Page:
Rapamycin derivatives reduce mTORC2 signaling and inhibit AKT activation in AML.

Zeng Z et al.


The mTOR complex 2 (mTORC2) containing mTOR and rictor is thought to be rapamycin insensitive and was recently shown to regulate the prosurvival kinase AKT by phosphorylation on Ser473. We investigated the molecular effects of mTOR inhibition by the rapamycin derivatives (RDs) temsirolimus (CCI-779) and everolimus (RAD001) in acute myeloid leukemia (AML) cells. Unexpectedly, RDs not only inhibited the mTOR complex 1 (mTORC1) containing mTOR and raptor with decreased p70S6K, 4EPB1 phosphorylation, and GLUT1 mRNA, but also blocked AKT activation via inhibition of mTORC2 formation. This resulted in suppression of phosphorylation of the direct AKT substrate FKHR and decreased transcription of D-cyclins in AML cells. Similar observations were made in samples from patients with hematologic malignancies who received RDs in clinical studies. Our study provides the first evidence that rapamycin derivatives inhibit AKT signaling in primary AML cells both in vitro and in vivo, and supports the therapeutic potential of mTOR inhibition strategies in leukemias.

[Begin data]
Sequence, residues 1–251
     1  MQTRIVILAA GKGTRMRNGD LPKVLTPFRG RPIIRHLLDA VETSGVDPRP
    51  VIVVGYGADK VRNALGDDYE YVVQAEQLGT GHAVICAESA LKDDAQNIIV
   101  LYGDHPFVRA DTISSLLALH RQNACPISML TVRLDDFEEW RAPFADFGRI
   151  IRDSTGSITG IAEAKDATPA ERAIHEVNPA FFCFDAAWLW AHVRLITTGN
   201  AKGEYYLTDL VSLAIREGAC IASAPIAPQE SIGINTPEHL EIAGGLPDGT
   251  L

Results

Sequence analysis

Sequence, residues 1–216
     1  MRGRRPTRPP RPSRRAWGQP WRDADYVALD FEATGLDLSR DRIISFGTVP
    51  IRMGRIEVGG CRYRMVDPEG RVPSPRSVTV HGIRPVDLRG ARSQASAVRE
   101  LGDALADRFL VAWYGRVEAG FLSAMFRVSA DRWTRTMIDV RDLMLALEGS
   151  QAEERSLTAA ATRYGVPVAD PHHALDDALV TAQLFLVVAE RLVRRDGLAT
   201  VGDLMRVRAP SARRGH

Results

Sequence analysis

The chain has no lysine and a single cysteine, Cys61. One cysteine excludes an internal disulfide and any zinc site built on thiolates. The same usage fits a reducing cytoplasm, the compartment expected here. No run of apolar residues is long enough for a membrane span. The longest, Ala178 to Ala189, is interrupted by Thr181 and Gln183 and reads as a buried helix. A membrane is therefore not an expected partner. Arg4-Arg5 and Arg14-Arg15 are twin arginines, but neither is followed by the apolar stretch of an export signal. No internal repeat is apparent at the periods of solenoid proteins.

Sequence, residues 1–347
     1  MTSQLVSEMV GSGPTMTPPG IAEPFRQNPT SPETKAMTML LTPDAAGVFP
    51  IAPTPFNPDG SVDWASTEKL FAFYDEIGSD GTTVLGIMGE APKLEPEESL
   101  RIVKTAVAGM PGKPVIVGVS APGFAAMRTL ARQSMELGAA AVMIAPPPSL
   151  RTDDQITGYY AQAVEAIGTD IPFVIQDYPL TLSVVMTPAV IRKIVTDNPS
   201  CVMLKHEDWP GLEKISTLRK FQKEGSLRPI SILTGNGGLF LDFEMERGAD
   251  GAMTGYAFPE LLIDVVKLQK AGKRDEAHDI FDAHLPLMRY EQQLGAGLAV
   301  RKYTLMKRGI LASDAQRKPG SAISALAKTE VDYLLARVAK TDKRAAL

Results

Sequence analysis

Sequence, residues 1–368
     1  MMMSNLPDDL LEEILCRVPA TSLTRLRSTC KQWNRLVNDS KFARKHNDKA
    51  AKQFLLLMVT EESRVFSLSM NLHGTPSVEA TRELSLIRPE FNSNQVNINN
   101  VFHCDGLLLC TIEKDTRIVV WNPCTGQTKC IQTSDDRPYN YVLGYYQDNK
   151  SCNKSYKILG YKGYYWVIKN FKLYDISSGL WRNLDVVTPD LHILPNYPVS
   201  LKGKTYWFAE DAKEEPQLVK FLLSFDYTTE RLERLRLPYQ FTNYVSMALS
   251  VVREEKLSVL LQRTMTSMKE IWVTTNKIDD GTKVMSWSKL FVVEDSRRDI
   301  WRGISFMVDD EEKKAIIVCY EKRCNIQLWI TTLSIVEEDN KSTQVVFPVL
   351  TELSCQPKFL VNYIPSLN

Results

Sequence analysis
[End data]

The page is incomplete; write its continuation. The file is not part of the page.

Transplantation proceedings 1998

Chemical modification of rapamycin: the discovery of SDZ RAD.

Sedrani R et al.